"Spot the tenant whose taxes will pay for all this, and we'll give you a skyscraper."
Photograph by Zhang Peng — LightRocket via Getty Images
By Scott Cendrowski
March 10, 2015

Expect to hear a lot more about China’s local government debt mess this year. The latest estimates put local government borrowing at more than $3 trillion—or a third of its entire economy. That’s unsustainable, and China’s central government is beginning to take steps to fix the problem before full-scale defaults.

Over the weekend, China’s Ministry of Finance said $160 billion of high-interest local government debt could be refinanced via lower-cost municipal debt, advancing a plan announced last summer. The authorities said savings would reach at least $6.5 billion a year, allowing governments to turn around and keep spending to help the country reach its GDP growth target of 7% this year.

The swap is being called a big deal in China, one that acknowledges how easily city and provincial governments got round previous rules aimed at keeping a lid on borrowing, and tries to put the whole problem on a footing that is both legally clearer and financially more solid.

China’s counties and cities are saddled with costly debt after rushing to build roads, bridges and tunnels during the 2008-09 stimulus and over the past 20 years.

Banned by law from issuing bonds, authorities set up ‘local government financing vehicles’, or LGFV, which raised money by issuing corporate-type debt, including high-interest loans sold to the country’s high-yielding trust accounts.

That debt is coming due. The fear is that a wave of defaults could follow.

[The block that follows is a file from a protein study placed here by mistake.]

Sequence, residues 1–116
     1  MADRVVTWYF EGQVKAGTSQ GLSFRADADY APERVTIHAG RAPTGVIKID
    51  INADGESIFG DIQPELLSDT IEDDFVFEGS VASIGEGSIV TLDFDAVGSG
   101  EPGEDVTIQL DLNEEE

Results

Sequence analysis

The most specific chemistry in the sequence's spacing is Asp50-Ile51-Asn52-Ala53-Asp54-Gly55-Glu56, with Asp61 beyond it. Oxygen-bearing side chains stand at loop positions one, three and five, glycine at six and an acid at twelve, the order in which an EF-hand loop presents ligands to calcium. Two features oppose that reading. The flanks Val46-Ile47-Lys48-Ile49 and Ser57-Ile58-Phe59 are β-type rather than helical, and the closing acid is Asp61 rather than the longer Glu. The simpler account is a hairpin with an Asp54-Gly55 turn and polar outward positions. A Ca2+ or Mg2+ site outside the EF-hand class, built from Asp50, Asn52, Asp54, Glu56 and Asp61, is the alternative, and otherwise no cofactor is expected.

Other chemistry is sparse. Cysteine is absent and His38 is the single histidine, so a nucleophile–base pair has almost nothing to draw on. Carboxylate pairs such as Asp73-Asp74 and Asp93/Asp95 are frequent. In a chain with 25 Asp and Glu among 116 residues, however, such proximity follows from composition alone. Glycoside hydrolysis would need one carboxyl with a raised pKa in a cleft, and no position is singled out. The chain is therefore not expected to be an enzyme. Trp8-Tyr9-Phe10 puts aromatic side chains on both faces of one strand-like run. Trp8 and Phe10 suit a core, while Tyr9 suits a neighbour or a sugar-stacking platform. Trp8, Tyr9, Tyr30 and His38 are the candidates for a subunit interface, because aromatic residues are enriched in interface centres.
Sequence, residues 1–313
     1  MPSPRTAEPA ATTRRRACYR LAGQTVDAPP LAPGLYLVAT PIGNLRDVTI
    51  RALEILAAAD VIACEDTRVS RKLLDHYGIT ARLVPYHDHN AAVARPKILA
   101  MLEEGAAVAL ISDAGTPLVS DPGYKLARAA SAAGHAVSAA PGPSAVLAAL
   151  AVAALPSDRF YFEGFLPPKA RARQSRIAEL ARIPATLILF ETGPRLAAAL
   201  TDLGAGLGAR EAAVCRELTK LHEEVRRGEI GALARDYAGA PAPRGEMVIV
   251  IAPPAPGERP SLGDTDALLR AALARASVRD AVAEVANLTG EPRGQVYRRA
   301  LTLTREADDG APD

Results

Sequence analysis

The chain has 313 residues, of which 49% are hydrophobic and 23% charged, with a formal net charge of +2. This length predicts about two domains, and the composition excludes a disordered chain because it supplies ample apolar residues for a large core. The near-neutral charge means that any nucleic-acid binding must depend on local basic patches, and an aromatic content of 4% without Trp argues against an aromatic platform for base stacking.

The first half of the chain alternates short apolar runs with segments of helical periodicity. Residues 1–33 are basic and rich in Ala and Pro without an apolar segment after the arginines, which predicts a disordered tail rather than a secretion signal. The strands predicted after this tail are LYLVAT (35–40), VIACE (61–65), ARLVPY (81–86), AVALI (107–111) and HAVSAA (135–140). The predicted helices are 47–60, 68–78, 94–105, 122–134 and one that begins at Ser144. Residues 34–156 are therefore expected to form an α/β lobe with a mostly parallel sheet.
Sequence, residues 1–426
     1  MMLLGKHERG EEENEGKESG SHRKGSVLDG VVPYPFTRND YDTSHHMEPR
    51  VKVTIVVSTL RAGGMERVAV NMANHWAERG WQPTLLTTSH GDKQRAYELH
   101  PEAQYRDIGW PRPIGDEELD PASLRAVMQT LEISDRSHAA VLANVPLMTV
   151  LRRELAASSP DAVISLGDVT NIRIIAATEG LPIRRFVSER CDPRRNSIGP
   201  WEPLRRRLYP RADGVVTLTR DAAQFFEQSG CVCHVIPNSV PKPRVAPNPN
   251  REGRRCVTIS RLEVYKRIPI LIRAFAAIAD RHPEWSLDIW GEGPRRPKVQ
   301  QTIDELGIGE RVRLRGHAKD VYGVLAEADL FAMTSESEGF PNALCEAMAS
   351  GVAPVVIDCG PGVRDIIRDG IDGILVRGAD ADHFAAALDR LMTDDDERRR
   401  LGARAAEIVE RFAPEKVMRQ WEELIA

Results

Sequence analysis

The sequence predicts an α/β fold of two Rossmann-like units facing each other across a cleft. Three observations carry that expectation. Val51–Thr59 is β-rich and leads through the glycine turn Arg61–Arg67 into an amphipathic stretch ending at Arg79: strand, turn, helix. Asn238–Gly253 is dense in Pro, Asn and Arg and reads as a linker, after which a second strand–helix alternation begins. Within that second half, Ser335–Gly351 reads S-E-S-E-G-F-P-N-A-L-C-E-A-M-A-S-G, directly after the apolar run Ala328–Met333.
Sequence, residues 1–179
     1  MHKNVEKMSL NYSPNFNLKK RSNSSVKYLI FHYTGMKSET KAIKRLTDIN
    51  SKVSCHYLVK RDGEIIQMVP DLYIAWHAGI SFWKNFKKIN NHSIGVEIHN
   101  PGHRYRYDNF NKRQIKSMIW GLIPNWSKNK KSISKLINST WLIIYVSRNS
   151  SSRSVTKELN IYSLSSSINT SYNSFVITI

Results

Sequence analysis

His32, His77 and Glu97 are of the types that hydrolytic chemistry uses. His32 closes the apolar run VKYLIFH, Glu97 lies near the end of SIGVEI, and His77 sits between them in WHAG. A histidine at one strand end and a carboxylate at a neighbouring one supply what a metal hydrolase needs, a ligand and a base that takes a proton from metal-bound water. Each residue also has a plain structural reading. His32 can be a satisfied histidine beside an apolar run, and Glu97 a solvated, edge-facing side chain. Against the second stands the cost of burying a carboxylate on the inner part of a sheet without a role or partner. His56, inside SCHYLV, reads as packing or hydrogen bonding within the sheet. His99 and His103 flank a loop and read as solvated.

In a February report from McKinsey entitled “Debt and (not much) deleveraging,” the authors explain “if local government financing vehicles are unable to repay their loans, the losses would
 be felt throughout the banking system.” The big four state-owned banks in China, along with city commercial banks and other financing companies, have $900 billion on the line, according to McKinsey.

The local debt is costly. A government audit last year found that 20% of recent loans issued to local government’s special vehicles were used to pay down old debt. Forty percent of repayment funds were raised from local governments selling land.

Local governments were well aware that land sales are themselves unsustainable, but they turned to them because there were few other ways of raising money. The hope was that they would be able to pay off the debts with future tax receipts.

China’s premier Li Keqiang told the World Economic Forum in Davos earlier this year “there will not be a regional, systemic financial crisis” in the country. Credit agencies included Moody’s say his statement serves as evidence the central government won’t allow local government defaults. McKinsey concludes the central government has enough resources—after years of trade surpluses—to tackle the issue. Where it ends is the question investors are asking.

Guo Shuqing, a provincial governor in coastal Shandong, told reporters over the weekend that cities in his province need to sell assets to pay off debt. Shandong province is the second-least indebted province of China’s thirty. His comments were alarming for what wasn’t being said by others.

Allowing local government to refinance high-interest loans through the municipal bond market—the market they should have been accessing from the start—is one step toward delaying, even avoiding, the need for Beijing bailouts. It may even be a decisive moment in meeting China’s declared aim of letting market forces play a ‘decisive’ role in the economy in the medium term.

But the risk is that the opposite may happen, as Beijing steps into the fray to rescue an unknown number of local debtors, leading to a greater centralization and politicization of economic decision-making. That might be just as worrisome for those concerned about China’s debts as an actual default.

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